By his very nature, Sherlock Holmes is a confident character who is sure of his ability to get the job done. Whether you share the same confidence remains to be seen. For the first time in the franchise's history, Sherlock Holmes: Crimes & Punishments
is giving players a chance to get it wrong. No longer are you simply replaying the case as it unfolds; you get to make the conclusions from the evidence that you have gathered. Will you get it right? More to the point, did Frogwares get it right with their latest title?Crimes & Punishments
is a title that has eschewed a lengthy story in favour of six shorter independent cases, each of which will take between 2-3 hours to complete. While each case will grab your attention and hold it for its entire duration, they do tend to become forgettable once they are over. Two years after playing The Testament of Sherlock Holmes
, I could still recall the name of Holmes' bloodhound as soon as he reappeared in this title. Mere hours after completion, the same cannot be said for the characters that I met in this title. You barely get the chance to get to know the game's characters, with the exception of those in the recurring supporting roles: faithful sidekick Doctor Watson, Detective Inspector Lestrade and informant Wiggins.
Despite the impression that you may have gathered from the many trailers that have been released over the past few months, Crimes & Punishments
is still very much a point-and-click title. Any action sequences are represented by Quick Time Events, but these are few and far between. There are, however, several new game mechanics that improve on the typical Sherlock
formula to which we have become accustomed. Within the game's first cutscene you get a brief look at one of the new gameplay mechanics. Clues appear around Sherlock's head as he tries to deduct who is coming up the stairs of 221B Baker Street, to the point where you expect the camera to pan around to Benedict Cumberbatch standing in his living room. The influence of the recent Sherlock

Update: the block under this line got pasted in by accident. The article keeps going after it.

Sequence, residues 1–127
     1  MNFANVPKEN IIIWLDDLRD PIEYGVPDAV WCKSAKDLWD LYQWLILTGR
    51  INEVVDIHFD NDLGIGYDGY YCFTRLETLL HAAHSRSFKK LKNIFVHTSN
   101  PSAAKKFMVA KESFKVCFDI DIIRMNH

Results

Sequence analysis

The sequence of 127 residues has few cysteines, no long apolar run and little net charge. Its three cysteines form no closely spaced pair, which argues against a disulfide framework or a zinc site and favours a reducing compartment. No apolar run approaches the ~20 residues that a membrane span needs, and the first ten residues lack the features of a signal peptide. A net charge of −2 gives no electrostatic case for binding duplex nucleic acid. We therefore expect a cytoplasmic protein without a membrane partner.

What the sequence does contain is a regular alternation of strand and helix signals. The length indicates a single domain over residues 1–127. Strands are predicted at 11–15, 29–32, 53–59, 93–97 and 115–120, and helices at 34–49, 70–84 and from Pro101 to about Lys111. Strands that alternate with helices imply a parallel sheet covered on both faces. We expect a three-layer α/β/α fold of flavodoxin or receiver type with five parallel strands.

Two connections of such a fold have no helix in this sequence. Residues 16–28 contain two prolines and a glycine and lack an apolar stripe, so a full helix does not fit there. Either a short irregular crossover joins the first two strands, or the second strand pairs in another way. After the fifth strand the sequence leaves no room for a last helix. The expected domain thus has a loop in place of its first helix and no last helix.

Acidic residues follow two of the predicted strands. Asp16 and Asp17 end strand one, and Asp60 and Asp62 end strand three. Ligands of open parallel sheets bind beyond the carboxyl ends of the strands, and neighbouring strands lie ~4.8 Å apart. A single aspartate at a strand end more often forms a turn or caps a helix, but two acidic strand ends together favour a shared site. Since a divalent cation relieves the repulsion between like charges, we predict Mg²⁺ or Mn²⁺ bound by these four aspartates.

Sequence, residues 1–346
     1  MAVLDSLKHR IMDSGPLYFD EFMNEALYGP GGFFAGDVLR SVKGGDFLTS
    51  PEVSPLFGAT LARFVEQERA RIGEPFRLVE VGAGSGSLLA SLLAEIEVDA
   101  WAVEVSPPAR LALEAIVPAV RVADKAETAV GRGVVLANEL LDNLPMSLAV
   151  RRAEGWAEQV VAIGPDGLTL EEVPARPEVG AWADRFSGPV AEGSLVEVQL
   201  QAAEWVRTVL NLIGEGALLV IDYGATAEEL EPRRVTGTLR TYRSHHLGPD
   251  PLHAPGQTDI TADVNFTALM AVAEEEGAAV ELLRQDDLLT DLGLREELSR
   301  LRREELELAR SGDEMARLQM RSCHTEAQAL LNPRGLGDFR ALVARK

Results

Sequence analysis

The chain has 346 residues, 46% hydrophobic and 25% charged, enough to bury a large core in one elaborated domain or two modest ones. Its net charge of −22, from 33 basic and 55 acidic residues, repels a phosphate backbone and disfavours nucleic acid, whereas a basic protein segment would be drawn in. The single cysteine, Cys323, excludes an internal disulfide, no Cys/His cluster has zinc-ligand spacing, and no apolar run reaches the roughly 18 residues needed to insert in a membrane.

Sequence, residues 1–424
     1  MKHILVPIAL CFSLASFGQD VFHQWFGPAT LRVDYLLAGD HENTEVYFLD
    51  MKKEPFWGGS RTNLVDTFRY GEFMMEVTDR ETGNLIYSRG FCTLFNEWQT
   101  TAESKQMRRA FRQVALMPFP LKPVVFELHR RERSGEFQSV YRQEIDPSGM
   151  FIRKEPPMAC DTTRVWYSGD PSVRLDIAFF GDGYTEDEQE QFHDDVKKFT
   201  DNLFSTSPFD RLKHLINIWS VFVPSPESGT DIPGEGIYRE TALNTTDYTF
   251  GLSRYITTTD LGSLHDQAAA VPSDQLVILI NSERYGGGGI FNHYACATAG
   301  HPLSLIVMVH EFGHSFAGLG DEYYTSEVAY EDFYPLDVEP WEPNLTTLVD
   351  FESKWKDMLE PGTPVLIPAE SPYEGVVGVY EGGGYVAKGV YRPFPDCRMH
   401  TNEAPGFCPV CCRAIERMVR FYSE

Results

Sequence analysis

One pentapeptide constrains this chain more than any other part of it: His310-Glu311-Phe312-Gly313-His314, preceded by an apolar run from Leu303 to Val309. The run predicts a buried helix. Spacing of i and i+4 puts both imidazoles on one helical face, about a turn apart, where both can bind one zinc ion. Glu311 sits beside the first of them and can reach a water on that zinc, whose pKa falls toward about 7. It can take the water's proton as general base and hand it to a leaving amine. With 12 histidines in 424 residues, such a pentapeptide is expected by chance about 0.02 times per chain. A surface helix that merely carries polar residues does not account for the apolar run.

TV series is obvious in the new Focus mode where players use
to concentrate on a specific area, which will then lead to the discovery of a clue that wasn't obviously apparent to the naked eye. Don't panic — exploration is still a key part of the title and few clues are handed to you on a plate. The game's logbook contains objectives that tell you which areas still need to be searched and, when all of the clues are found, these are updated so that you know that you have to move on. The chances of you unintentionally missing something important are much smaller than before.
As clues are found, they are entered into the inventory where an icon will appear if further action is needed, be it research in the archives or an experiment that needs performing. Occasionally Sherlock will also need to use his Imagination where pressing
will trigger an action replay of an event. Originally his imagination is just used to visualise a potential clue but, as the game progresses, players will need to use Sherlock's imagination to piece together events that have happened in the past so that more clues can be found. The puzzles range in difficulty from those that merely require players to go through the motions to those that require a little more thought, but all can be done without the need to dive for a guide. If you are struggling, there is the option to skip the puzzle. However, skipping too many will mean that you won't be able to earn all of the game's achievements.